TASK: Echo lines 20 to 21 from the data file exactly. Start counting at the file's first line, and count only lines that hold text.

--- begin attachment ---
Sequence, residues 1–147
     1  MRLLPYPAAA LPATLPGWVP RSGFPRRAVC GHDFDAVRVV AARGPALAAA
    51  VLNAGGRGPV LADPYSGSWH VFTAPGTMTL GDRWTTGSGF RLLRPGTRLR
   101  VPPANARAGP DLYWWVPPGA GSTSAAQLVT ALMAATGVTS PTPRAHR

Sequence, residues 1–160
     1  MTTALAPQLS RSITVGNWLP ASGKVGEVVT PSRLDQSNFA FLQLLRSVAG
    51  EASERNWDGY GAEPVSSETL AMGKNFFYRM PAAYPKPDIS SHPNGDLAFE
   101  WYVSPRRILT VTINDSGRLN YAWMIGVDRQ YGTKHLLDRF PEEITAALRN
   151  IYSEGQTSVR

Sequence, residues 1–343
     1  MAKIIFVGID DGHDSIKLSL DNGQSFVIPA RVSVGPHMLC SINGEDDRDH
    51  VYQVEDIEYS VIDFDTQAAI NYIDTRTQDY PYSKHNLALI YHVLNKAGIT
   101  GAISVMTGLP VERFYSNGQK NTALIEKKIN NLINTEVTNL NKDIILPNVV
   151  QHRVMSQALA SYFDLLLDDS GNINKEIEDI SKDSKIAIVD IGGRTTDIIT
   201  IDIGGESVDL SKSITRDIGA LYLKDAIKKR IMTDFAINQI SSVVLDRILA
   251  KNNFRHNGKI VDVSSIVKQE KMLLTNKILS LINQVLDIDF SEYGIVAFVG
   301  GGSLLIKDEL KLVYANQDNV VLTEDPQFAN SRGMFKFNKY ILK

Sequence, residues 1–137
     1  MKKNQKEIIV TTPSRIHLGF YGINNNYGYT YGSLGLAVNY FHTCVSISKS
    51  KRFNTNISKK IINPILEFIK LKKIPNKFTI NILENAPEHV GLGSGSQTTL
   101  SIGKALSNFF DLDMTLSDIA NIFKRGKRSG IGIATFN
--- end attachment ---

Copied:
    51  KRFNTNISKK IINPILEFIK LKKIPNKFTI NILENAPEHV GLGSGSQTTL
   101  SIGKALSNFF DLDMTLSDIA NIFKRGKRSG IGIATFN